Yerba Mate Scientific Paper

Healthy herbs, rooibos, honeybush, decaf tea, and yerba mate.

Yerba Mate Scientific Paper

Postby matcha/mate.enthusia » Feb 2nd, '11, 03:27

I'm not certain if anyone has seen this yet or not, but it's the most detailed and comprehensive scientific paper/resource I've yet seen on yerba mate:

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Re: Yerba Mate Scientific Paper

Postby pokute » Feb 17th, '11, 13:16

That paper is pseudo-science at best, and industry driven puffery at worst. The "phenolic alcohols" and "saponins" that it touts so enthusiastically include carcinogens and other poisonous compounds. The paper also contains the wonderful statement "mate is an important source of caffeine in the diet", as if it were a required nutrient (well, it could be argued that it is, for some of us).

The supposed health benefits of mate are utterly overwhelmed by the increased excretion rates of water-soluble vitamins driven by the caffeine. The reason that mate doesn't produce the "jitters" is because the "jitters" are not produced by caffeine, they are produced by the huge quantity and variety of polycyclic ring compounds created during the roasting of coffee beans.

Some years ago soy sauce was touted as being the cause of long life and low cancer rates among the Chinese. A friend of mine who had been a surgeon in china after the end of WWII went straight through the roof over this, because he learned his chops (pun intended) as a maxillofacial surgeon doing massive facial resections on the many people who developed oral cancer from home-brewed black soy sauce.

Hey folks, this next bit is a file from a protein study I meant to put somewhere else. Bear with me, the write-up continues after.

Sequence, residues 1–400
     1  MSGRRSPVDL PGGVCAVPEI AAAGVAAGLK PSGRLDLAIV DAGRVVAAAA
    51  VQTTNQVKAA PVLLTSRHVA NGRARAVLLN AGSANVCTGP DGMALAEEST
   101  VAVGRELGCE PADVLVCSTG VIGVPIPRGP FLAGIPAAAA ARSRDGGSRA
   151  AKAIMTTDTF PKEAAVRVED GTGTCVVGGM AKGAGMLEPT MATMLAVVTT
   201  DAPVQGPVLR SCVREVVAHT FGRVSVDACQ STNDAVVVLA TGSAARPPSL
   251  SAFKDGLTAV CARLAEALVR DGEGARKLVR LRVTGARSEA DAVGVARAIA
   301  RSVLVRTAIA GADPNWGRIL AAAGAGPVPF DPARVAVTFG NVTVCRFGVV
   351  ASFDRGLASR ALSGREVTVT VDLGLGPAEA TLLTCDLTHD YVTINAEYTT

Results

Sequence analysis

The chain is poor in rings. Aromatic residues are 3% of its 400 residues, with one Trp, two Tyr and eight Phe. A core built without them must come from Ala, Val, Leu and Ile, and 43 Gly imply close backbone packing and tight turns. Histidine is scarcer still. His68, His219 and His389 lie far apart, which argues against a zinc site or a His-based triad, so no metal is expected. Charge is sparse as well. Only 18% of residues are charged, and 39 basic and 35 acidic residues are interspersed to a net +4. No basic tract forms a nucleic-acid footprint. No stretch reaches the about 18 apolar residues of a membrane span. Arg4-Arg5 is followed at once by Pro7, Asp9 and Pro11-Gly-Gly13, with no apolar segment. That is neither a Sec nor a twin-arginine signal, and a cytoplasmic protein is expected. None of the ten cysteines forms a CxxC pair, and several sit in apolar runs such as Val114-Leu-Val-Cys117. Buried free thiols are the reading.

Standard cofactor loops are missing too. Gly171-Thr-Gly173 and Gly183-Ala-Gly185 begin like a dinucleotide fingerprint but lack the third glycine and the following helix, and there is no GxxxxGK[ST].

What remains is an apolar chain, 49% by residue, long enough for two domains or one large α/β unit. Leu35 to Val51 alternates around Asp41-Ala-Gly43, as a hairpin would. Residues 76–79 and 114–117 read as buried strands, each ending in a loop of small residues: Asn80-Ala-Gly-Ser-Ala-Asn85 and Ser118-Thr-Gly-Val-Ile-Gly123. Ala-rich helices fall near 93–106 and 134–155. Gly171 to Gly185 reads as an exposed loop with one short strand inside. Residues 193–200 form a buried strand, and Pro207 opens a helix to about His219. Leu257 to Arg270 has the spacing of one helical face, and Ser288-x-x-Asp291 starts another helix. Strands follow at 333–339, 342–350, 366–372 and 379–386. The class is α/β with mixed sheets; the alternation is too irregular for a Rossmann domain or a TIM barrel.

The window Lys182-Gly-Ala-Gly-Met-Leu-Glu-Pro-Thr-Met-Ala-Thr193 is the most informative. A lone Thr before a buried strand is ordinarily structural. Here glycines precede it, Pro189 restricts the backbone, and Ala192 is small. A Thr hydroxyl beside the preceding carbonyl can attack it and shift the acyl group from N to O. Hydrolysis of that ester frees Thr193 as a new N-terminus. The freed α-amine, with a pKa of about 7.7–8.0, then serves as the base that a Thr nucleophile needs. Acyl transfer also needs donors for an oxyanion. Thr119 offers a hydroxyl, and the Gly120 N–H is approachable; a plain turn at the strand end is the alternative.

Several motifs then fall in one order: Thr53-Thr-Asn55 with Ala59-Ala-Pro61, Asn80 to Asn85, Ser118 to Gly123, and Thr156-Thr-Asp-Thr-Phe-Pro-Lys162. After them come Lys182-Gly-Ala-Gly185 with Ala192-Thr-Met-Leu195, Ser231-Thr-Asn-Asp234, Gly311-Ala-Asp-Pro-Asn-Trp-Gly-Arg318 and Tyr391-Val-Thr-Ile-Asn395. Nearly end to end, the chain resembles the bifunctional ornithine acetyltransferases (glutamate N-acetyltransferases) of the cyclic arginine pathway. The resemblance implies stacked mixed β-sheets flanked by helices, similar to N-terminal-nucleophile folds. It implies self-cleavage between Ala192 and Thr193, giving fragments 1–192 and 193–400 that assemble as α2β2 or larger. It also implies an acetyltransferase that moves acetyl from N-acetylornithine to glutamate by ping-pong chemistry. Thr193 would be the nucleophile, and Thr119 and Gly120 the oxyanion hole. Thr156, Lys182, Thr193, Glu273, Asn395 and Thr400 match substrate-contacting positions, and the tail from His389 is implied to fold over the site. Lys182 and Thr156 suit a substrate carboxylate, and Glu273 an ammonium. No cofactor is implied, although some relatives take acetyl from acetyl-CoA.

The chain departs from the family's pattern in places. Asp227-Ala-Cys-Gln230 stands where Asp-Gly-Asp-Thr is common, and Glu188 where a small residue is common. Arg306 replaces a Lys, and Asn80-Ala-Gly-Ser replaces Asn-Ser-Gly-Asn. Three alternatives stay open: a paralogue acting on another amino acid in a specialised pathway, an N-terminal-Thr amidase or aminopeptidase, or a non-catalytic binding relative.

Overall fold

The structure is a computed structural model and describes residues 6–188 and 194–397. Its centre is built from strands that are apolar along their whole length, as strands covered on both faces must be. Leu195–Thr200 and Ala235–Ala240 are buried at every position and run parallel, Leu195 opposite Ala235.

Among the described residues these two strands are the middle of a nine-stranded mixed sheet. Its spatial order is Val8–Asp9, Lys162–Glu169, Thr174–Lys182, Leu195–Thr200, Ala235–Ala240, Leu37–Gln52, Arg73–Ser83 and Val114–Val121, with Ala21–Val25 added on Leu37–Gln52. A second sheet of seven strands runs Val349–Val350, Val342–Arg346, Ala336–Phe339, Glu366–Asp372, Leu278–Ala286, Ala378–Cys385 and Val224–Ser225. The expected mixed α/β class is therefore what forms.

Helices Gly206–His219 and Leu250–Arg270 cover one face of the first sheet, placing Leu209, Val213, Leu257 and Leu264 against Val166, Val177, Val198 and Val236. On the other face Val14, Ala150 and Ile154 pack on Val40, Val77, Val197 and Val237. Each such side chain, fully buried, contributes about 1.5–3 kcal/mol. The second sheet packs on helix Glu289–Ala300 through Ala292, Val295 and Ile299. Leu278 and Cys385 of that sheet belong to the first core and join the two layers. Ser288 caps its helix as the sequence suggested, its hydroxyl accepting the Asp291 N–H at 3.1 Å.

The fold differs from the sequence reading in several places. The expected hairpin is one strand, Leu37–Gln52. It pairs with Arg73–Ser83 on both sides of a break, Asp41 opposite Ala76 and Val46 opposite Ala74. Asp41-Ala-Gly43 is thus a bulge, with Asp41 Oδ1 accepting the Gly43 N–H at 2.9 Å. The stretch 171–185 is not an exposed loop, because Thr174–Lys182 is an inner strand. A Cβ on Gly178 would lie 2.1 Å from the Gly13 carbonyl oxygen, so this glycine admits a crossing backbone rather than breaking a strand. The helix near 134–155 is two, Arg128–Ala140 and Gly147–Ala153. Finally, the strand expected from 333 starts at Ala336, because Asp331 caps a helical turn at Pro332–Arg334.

The stuff was pretty deadly. My friend is 103 years old and quite spry. He says keeping busy is the most important thing.

In conclusion, I would say that if you enjoy mate, drink it. If you enjoy tea, drink it. If you enjoy coffee, drink it in moderation. But none of these things is going to make you live forever. Chatting on this forum about them probably comes under the heading of "keeping busy" ;^)

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Re: Yerba Mate Scientific Paper

Postby AlexZorach » Sep 28th, '11, 15:02

I'm not seeing the same sort of bias in this paper, I didn't read the whole thing, but I am reading a more skeptical tone in the voice of the paper, not really promoting it, but talking about the fact that so little is known about it...and that there are some possible risks associated with its consumption.

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